An increasing number of buy-to-let landlords are looking to overcome recent government interventions in the market by acquiring property via limited companies, the latest Mortgages for Business’ Limited Company Buy to Let Index has revealed.
Following last year’s increase in the rate of stamp duty payable on buy-to-let acquisitions, and with a phased reduction in income tax relief available on rental income due to start in April, the proportion of purchase applications made through a limited company structure rose by 6% quarter-on-quarter to 69% in Q4 2016.
This is significantly higher than the 21% recorded before the changes to tax relief on mortgage interest were unveiled by former Chancellor George Osborne in July 2015, reflecting the fact that a growing number of buy-to-let landlords are unsurprisingly taking action to mitigate the additional tax costs they will face when tax relief is lowered on mortgage interest payments for individuals. By turning towards incorporation, and borrowing through a company structure, finance costs can still be offset against rental income.
David Whittaker, managing director of Mortgages for Business, said: “The sharp increase in purchase applications made by landlords using a limited company structure is unsurprising given the financial incentive to do so, and it is encouraging to see growing numbers of landlords approaching their investments intelligently.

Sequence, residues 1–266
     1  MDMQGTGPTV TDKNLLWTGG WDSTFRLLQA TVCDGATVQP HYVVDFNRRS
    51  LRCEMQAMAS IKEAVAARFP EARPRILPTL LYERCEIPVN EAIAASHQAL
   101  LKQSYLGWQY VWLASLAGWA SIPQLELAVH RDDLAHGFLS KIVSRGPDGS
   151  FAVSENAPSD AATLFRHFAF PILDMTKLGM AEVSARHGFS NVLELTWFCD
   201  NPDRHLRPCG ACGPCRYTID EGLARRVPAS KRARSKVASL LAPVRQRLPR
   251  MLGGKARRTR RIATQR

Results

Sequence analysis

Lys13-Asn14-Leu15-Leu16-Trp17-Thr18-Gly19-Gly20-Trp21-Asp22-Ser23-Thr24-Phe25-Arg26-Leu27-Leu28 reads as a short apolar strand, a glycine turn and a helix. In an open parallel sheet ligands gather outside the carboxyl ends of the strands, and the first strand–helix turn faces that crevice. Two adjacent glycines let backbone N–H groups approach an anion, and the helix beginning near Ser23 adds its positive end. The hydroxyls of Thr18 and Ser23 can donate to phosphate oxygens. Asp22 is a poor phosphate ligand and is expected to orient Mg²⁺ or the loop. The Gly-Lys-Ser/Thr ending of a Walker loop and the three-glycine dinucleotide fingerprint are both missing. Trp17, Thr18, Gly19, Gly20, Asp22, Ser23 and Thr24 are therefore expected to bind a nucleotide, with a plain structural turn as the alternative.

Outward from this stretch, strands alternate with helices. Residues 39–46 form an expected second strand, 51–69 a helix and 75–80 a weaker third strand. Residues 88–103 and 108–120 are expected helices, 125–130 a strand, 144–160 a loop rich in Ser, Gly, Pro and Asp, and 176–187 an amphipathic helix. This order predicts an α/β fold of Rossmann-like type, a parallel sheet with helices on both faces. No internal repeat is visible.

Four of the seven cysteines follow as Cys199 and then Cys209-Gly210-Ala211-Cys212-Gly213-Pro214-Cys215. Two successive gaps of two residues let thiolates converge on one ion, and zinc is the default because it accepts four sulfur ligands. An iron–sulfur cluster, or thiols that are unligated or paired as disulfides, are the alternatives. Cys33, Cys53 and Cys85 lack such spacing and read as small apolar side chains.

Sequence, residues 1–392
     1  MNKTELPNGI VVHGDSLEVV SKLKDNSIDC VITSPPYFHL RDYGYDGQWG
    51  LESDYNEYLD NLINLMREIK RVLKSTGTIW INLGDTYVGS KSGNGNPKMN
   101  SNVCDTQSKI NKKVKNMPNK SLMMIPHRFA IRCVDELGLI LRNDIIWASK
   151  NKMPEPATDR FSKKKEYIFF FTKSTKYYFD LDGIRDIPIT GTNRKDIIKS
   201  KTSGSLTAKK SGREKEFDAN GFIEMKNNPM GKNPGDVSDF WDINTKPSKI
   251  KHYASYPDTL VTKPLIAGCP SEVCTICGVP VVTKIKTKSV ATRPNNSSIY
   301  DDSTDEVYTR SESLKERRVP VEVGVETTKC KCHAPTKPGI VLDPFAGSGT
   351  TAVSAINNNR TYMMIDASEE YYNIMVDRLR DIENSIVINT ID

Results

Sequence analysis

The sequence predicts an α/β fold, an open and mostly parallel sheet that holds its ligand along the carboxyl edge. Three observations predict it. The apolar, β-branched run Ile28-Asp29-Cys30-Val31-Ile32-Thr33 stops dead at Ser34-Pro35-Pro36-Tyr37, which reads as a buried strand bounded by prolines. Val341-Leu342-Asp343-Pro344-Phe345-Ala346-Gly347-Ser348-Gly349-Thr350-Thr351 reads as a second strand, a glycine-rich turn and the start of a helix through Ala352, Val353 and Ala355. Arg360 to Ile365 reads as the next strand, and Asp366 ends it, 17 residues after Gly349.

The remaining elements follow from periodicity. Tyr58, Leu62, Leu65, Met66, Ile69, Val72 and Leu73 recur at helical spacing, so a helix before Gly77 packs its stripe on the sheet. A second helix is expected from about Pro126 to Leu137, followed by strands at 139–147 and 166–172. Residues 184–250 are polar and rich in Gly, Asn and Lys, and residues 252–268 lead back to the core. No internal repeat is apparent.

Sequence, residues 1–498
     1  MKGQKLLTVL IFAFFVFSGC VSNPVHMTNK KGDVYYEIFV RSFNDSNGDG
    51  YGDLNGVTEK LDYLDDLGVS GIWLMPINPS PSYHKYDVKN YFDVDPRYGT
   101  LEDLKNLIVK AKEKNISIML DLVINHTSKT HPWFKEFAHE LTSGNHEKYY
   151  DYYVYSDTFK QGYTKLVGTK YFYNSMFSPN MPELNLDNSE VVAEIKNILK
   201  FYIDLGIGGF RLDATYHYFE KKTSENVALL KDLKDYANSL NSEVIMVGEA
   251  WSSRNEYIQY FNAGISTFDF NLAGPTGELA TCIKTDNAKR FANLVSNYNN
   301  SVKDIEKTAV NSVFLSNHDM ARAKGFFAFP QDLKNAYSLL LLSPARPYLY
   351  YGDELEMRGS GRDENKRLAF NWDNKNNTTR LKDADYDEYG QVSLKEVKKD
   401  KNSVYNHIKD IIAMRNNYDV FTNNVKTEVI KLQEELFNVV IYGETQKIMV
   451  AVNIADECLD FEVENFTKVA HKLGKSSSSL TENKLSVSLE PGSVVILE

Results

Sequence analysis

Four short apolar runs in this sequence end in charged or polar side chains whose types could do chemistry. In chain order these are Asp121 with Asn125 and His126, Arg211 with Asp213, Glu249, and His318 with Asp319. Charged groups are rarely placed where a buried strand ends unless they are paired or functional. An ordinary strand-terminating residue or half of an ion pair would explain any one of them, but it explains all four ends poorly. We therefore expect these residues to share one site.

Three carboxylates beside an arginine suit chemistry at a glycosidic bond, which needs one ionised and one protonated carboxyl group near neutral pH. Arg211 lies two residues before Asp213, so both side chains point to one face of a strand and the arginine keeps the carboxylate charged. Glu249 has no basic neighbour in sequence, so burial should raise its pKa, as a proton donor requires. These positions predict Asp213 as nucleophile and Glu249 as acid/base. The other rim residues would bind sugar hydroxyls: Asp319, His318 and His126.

“With the changes to tax relief set to be phased in from April 2017, this trend is unlikely to be reversed any time soon.”
Despite the growth in the number of purchase applications made via limited companies, the number of lenders and products catering to this part of the market remained flat between Q3 and Q4, with just 14 lenders offering products to limited companies.
Whittaker added: “Although many mainstream lenders do not yet have an offering for investors using limited companies, many smaller lenders have significant expertise when it comes to servicing this part of the market.”